Why Can’t They Ever Leave Well Enough Alone? (SPOILERS, probably)

I’ve been dying to see the Percy Jackson movie, The Lightening Thief. Though I haven’t finished the series yet, I’m a medium sized fan of the series. Riordan is a great writer, the stories are exciting, and the characters are all believable and likable. So, when it was reported that the first movie was in production, I couldn’t help being a really big kid about it. I LOVE seeing books turn into movies. I never expect much – it’s rare that a movie lives up to the book – but I just really like seeing certain scenes from the book played out on the big screen. I like to see how the movie people envisioned the scene – is it similar to what was in my head, or did they have a different take on it?

I finally saw the movie on Wednesday (a lovely friend of mine surprised me with it) and it SUCKED. I mean, basically the only similarities between book and movie was that there was a kid named Percy Jackson and there’s a lot of mythology. I mean, obviously there were more connections than that – they kept a lot of the other characters. But seriously. THEY CHANGED THE WHOLE PLOT! Why, I ask, when the plot was already SO GOOD!?

First, let’s start with the target audience for the book versus the movie and let’s discuss why this change up might explain why the movie isn’t doing that great. Book Percy Jackson is a 12 year old boy, struggling to not get expelled from yet another school. Movie Percy Jackson looks to be about 17, a teenager with teenager problems. It was a movie based on a middle grade novel, but targeted towards teens. That doesn’t make any sense to me. Why would you completely abandon the books core (and large!) audience? Am I missing something here? It just seems to me that if your fan base exists for you before you even begin, then you should probably thank your lucky stars and cater to it. “What? There are 1.2 million YA readers who put this book on the New York Times Bestseller List? OBVIOUSLY we want to make this movie for teenagers!” quote by movie people around a movie table.

I don’t even know how to go into the rest of what bothered me about this movie without weaving a tale that would take a thousand years to tell. Let’s start with the fact that Grover, the satyr assigned to protect Percy is a bit of a horn dog in the movie. WHAT? WHY? (An aside – it is my clear understanding that if you have to ask yourself WHY a zillion times while watching or reading something, it probably should have never even been made.) The sexual references are through the roof. I guess this made Grover ‘cooler’ and more relatable to teen audiences. (See paragraph above.) Even Persephone (disgustingly portrayed by Rosario Dawson) totally digs him – she keeps him in the underworld to be what I can only assume is her sex slave AFTER she shoves her tongue down Hades throat and then knocks him out. ACTION! ADVENTURE! ROMANCE!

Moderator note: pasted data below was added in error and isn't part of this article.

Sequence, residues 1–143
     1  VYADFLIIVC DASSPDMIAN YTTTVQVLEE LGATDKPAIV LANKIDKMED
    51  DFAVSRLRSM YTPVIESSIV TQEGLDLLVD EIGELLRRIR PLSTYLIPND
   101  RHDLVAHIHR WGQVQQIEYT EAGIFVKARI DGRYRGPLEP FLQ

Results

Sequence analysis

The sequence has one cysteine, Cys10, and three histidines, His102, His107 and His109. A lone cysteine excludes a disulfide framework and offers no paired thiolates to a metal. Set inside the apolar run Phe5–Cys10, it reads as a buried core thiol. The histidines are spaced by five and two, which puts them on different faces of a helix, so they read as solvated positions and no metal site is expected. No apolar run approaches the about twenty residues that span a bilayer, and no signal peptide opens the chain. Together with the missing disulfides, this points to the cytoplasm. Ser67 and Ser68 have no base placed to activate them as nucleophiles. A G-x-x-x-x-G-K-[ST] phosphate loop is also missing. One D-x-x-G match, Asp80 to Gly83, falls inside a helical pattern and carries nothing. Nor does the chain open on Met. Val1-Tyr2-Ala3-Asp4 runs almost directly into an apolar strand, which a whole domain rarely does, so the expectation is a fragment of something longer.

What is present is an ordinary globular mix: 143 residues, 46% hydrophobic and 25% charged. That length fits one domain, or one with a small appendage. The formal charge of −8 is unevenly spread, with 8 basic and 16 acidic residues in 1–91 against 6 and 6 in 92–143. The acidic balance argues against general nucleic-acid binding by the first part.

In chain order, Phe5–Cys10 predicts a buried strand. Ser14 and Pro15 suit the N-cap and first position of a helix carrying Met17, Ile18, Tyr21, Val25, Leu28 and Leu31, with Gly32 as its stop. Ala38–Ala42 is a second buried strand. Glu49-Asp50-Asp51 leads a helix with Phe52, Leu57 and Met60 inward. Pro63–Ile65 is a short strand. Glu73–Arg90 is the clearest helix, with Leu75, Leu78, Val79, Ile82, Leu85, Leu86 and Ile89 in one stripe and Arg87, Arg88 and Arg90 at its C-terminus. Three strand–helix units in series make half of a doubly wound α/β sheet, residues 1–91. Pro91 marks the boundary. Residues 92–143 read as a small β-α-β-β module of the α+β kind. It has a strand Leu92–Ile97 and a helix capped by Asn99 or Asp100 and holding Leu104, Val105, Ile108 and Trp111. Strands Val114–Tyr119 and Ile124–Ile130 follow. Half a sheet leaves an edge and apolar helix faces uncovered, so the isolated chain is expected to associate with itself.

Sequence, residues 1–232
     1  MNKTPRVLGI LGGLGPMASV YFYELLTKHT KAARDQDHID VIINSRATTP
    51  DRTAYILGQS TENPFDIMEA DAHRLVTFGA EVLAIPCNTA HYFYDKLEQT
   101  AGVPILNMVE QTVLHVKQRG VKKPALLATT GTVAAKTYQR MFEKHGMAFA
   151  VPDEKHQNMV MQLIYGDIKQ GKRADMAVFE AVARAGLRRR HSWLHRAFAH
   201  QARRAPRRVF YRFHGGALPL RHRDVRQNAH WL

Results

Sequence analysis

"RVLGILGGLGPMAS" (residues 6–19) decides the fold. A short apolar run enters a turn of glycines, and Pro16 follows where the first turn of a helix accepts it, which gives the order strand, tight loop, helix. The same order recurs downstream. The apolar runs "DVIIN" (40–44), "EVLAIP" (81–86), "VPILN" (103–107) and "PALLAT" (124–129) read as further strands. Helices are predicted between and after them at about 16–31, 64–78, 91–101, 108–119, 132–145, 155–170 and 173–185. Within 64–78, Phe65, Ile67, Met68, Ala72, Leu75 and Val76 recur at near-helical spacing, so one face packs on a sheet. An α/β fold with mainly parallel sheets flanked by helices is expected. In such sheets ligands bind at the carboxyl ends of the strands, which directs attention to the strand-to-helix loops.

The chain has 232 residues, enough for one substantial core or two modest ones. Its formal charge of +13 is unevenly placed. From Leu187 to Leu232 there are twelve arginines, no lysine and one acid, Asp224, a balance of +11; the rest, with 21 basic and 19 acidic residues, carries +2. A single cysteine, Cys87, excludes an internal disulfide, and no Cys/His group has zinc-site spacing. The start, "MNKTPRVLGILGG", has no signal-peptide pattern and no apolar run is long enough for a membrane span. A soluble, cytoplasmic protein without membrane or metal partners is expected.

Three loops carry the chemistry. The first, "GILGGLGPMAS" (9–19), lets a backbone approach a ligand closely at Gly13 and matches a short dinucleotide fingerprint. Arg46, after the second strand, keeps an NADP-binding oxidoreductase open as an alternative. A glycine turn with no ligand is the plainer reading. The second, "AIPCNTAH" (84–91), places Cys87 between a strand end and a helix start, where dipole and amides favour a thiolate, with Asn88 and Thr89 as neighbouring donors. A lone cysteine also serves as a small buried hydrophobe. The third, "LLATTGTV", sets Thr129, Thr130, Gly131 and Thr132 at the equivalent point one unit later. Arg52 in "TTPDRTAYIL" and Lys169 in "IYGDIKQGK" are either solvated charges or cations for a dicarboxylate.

The reason Percy is so special in the novel is because he is the son of Poseidon, one of the big three (Zeus, Poseidon, and Hades). At first, Riordan keeps Percy’s parentage a secret from the reader, only giving us tiny clues to help us along until Percy is finally claimed by his dad. When Poseidon claims his son, it’s a really big deal. Zeus decided sometime after World War II that the sons and daughters of the big three were too powerful and the three were therefore banned from siring half blood children. But Poseidon can’t keep it in his pants, basically, (though in the movie they make it like he actually fell in love with Percy’s mom and wanted to be a mortal. WHAT!?) and so Percy is born. In the movie, the rule instead is that the gods are not allowed contact with their children because, I don’t know, they might love them too much or something. I forget because I kept yelling NOT THE RULE! at the screen. To me, this one simple change ruins the entire plot. Luke, the real Lightening Thief and son of Hermes, is this troubled kid who wants to cause a war between the gods. In the book, the gods are free to visit their offspring but often don’t. Ever. I mean, they are busy being gods, you know, and some of them have a ton of kids. But Luke takes his father’s abandonment to heart. Because that’s what it is, when you are free to see your children but choose not to. It’s called abandonment. And it’s sad. In the movie, even though they took away Hermes’ will to decide whether or not he wants to visit his son, Luke is still pissed about it. So instead of this troubled, hurt, and abandoned kid, you just have this whiny brat who doesn’t know the rules. It doesn’t really make sense or have the same sympathizing effect.

There’s more. So much more. Like, why was Ares completely cut out of the plot? Why was there absolutely no mention of the Titans? Why was Persephone and her pearls added to the plot when, as far as I can tell or remember, they have no basis in Greek mythology at all?

Ugh. I chalk this movie up to nothing more or less than an epic FAIL.

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